Profile: Jeremy Gilley

The man marketing world peace

Will the payday loans furore make more accountable marketers of us?

Payday loans have been making news headlines of late and the Competition Commission is now investigating the market on a number of points to prevent “irresponsible lending” to the vulnerable and the poor. As the Office of Fair Trading (OFT) says, some of the business models “appear predicated on making loans which are unaffordable”.

Branwell Johnson

It’s a safe bet that the marketing tactics of payday loan providers are going to come under more scrutiny – particularly the audience targeting and the use of daytime television advertising. It has already been raised by the media that who else watches daytime TV but the unemployed, the old, the housebound and the part time worker?

The initial OFT investigation of 50 payday company websites examined marketing and highlighted the fact that 30 of them “emphasised the easy availability of credit and the speed of arrangement”. The OFT also identified problems with advertising by high-street lenders and the use of television slots.

The concerns over these services force the marketing sector and wider society to once more tackle that most challenging of questions in a free market – if a product or service is legal then why should its marketing be circumscribed? Tight regulatory frameworks that have been developed so far are related to health issues (think tobacco and alcohol) or are age-related (think gambling or adult material from films to games). Few regulations apply to a certain sector of society based on their socio-demographic standing.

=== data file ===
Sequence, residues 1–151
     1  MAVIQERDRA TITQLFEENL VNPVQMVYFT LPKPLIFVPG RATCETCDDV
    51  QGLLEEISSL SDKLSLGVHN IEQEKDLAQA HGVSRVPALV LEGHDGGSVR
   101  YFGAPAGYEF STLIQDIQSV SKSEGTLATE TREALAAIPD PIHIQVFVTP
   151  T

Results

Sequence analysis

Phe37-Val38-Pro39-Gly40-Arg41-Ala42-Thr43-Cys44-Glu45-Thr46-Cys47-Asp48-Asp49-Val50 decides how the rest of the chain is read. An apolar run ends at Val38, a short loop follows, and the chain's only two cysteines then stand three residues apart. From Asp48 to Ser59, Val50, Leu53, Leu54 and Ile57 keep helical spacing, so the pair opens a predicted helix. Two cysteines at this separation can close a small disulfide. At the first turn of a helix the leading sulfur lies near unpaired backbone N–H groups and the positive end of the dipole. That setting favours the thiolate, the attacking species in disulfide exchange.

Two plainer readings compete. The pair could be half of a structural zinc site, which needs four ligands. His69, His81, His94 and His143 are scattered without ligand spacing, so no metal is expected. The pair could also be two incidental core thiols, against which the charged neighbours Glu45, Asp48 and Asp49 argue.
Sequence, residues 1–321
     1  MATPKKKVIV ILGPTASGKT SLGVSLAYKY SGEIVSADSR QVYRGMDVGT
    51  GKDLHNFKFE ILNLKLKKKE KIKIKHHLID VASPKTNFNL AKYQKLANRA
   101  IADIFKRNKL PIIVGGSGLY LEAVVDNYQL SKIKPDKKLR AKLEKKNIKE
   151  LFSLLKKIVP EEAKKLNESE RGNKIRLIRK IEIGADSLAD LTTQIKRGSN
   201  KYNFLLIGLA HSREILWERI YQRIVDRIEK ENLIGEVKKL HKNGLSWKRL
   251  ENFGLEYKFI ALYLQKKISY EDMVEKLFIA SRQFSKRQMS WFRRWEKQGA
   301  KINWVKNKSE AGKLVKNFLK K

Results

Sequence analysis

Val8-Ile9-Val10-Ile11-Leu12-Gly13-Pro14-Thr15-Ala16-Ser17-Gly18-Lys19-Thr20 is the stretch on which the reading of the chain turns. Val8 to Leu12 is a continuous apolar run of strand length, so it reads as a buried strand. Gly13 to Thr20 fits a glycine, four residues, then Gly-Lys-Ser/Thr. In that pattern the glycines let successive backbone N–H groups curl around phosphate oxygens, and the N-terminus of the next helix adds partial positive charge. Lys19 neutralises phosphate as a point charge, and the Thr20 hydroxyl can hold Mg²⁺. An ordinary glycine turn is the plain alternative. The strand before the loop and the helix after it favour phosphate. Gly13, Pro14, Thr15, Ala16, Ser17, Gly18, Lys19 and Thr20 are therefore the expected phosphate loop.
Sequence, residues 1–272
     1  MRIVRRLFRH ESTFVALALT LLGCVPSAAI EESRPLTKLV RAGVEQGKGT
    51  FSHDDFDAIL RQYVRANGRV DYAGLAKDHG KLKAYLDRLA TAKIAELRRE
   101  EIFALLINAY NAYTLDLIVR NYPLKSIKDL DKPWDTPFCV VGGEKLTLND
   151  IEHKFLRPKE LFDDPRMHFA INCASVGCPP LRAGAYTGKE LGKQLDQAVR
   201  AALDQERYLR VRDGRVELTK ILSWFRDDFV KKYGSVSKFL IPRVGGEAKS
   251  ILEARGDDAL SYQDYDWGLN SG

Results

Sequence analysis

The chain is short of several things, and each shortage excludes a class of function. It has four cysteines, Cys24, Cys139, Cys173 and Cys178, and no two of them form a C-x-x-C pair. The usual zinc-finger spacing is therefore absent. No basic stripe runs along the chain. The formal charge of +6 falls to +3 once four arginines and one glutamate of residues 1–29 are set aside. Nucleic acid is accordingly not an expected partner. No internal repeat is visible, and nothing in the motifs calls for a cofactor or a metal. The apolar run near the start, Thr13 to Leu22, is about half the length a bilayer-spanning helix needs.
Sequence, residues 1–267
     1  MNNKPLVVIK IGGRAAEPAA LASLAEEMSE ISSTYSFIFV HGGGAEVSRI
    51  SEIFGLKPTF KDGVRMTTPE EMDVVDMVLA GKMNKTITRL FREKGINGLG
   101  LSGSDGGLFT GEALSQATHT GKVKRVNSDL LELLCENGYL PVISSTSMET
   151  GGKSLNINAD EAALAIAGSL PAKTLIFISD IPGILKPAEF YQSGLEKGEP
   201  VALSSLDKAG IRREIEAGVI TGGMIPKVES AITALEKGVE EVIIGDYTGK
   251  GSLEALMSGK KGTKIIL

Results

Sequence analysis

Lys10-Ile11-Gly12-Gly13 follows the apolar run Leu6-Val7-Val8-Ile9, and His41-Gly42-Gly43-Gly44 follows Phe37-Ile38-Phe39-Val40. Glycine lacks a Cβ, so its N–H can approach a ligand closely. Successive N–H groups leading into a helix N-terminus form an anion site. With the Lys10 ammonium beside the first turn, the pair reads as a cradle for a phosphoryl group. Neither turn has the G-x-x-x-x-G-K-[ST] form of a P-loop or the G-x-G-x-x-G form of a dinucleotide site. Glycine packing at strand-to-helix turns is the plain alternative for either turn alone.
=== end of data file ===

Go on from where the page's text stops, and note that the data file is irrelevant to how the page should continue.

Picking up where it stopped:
One side of the argument might run: “So does this mean we shouldn’t then advertise expensive white goods, luxury cars, four star hotels or even premium own-brand food ranges via any medium that might be majority-watched by a vulnerable demographic?” Of course, it would be a waste of money to do so from a targeting point of view – but as marketers shouldn’t you reserve the right to do so on principle?

Or are we now in the more enlightened age of brands wanting to “do good”? As Keith Weed, Unilever’s chief marketing officer, has said repeatedly, most recently at the ISBA annual lunch last week, brands should not just be socially responsible but “socially accountable”.

There are no easy answers and the sharp splits in opinion can be detected in, for instance, Newcastle United taking Wonga’s sponsorship while Bolton Wanderers rejects QuickQuid’s cash. But now that football is the game of the middle classes maybe that isn’t such an issue…

It will be interesting to see how much those involved in the payday loan sector protest and what arguments they deploy if or when they find any further restrictions beyond the existing laws applied to their marketing.

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